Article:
I've run 3.11 miles extremely slowly. Just under 11:00/mile. Mostly, so far (as in the last two weeks), I've walked.
I'll need new courses. New tracks. New races. New, new, new.
Same old, same old?
This isn't a runner-friendly area. Road shoulders are small. Drivers are rude to runners.
There aren't as many running trails as in Chicagoland. The ones I've heard about are short. 9.5 miles. Short. Now, as it happens, that remains long to me. I hope that will change.
I head to the running club tomorrow, if I can get the rest of my schedule together.
Wednesday, August 5, 2015
As I was reading "Meb for Mortals," a non-runner friend saw it. "I don't know what a Meb is," she said. To runners, however, Meb Keflezighi is a household name. Why? Because he is winning in a sport we Americans haven't won very often. His credentials as a marathoner are long and deep. Even as he has turned 40, he is still among the best.
But why this book?
Meb finds that space between inspiring and informative.
It is unlike other distance running books. "Meb for Mortals" isn't filled with detailed workouts 18 or 20 weeks out from race day. Nor is it a long dissertation on the merits of a quality diet. And you won't find it going on and on about some philosophy of running. That said, there's a little of all that in here.
Ghostwritten by Scott Douglas, it is better than most other books on writing. Douglas is a senior content editor at Runner's World (same publisher as the book). The guy knows running and isn't just another hack.
Tony Dungy wrote the foreword. You can skip that. Dungy doesn't really say anything interesting or unique to his relationship to running or Meb. It feels sort of pasted on. But no worries, you are reading the book for the rest, not the foreword.
Think Like Meb
Run Like Meb
Train Like Meb
Race Like Meb
Eat Like Meb
Strengthen Like Meb
Stretch Like Meb
Cross-Train Like Meb
Recover Like Meb
Like the chapter titles imply, we get this from his point of view, from his personal experience as a runner. He's not (yet) a coach, nor does he necessarily have expertise in nutrition and so forth. But he wins. That means it is worth learning how one guy is getting it done.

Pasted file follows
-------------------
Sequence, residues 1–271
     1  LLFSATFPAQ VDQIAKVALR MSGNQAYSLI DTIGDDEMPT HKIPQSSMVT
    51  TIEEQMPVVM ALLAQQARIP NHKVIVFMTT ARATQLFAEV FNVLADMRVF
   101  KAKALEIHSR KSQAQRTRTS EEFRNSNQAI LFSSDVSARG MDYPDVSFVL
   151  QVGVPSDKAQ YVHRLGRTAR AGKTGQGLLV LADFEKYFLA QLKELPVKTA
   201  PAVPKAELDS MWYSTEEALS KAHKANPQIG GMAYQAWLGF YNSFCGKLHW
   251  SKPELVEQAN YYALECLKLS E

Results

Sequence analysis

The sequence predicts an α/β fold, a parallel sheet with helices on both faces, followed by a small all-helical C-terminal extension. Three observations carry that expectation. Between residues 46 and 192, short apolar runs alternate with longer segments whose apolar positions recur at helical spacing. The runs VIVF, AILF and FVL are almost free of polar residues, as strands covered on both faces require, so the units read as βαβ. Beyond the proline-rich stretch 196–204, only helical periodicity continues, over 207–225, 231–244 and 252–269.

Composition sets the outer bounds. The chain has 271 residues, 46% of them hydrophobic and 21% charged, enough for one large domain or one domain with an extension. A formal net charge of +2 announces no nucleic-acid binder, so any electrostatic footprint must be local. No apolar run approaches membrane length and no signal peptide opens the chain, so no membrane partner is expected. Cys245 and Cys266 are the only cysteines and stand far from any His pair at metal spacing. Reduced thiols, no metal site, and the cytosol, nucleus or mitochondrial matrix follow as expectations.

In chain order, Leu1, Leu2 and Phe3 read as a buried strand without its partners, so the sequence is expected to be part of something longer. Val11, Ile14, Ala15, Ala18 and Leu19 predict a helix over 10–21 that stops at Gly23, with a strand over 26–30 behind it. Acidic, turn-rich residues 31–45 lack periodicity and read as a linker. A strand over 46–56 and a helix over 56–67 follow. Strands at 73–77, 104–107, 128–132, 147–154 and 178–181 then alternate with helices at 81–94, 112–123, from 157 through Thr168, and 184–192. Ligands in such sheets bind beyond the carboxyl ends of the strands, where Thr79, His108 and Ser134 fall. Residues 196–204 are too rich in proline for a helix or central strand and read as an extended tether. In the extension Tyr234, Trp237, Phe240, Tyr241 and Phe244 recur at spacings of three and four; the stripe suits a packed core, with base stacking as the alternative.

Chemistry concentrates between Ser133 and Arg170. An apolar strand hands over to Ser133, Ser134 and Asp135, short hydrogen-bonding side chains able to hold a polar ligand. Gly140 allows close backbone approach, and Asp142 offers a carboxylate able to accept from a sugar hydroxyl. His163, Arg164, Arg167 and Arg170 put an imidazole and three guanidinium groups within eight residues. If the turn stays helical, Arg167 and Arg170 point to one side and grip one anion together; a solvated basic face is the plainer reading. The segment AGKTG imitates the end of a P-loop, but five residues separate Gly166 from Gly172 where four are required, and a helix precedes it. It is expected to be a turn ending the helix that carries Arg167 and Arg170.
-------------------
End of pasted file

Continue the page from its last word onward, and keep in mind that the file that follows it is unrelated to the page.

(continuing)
Within each chapter, he relates the content to his own life. When discussing diet, he tells how much he weighed when, and what weight his physician told he should weigh.
Among the things you'll gain from this is a sense of his personal discipline. He stays on the game even when he's resting. By that I mean he takes seriously the process of making good choices. He doesn't take his success for granted. He reminds us of three simple keys in life:
This shouldn't be the only running book you read. Bob Glover's The Competitive Runner's Handbook: The Bestselling Guide to Running 5Ks through Marathons is a great one, as is Hal Higdon's Marathon: The Ultimate Training Guide: Advice, Plans, and Programs for Half and Full Marathons. There are too many others to name, but Meb's book is worth your money and time.
Friday, August 8, 2014
Running regularly, consistently has been a challenge since I rebooted several years ago. Any reader of this blog knows I've stop-started too often.
So I am starting again. 100+ people already know. Following the basic 100 Day Challenge successfully accomplished in early 2014, I decided to begin a 50-day version. Same thing, only shorter.
I needed company. So I asked a few friends to join me. And they asked a few friends. 111 people have started. A few dropped off, but 107 are still at it. I only know 20% or so.
Today is day 12. I'll workout tonight. Ran a treadmill 5K yesterday in 28:28 (9:10/mile) as part of my run.
The general plan is 30+ minutes a day. I'm trying to add five minutes each day, per week. That is, each day of Week 1 I'll try to do 30 minutes. And each day of week two, I'll do at least 35 minutes. My true goal is the 30 minutes, and hope to well-exceed it as time goes by.
So far, mostly so good, but I'm getting there. Gained a little weight, but I'm not concerned. My mileage is still low, as it the intensity. Some of my workouts are walk-runs. It will accumulate.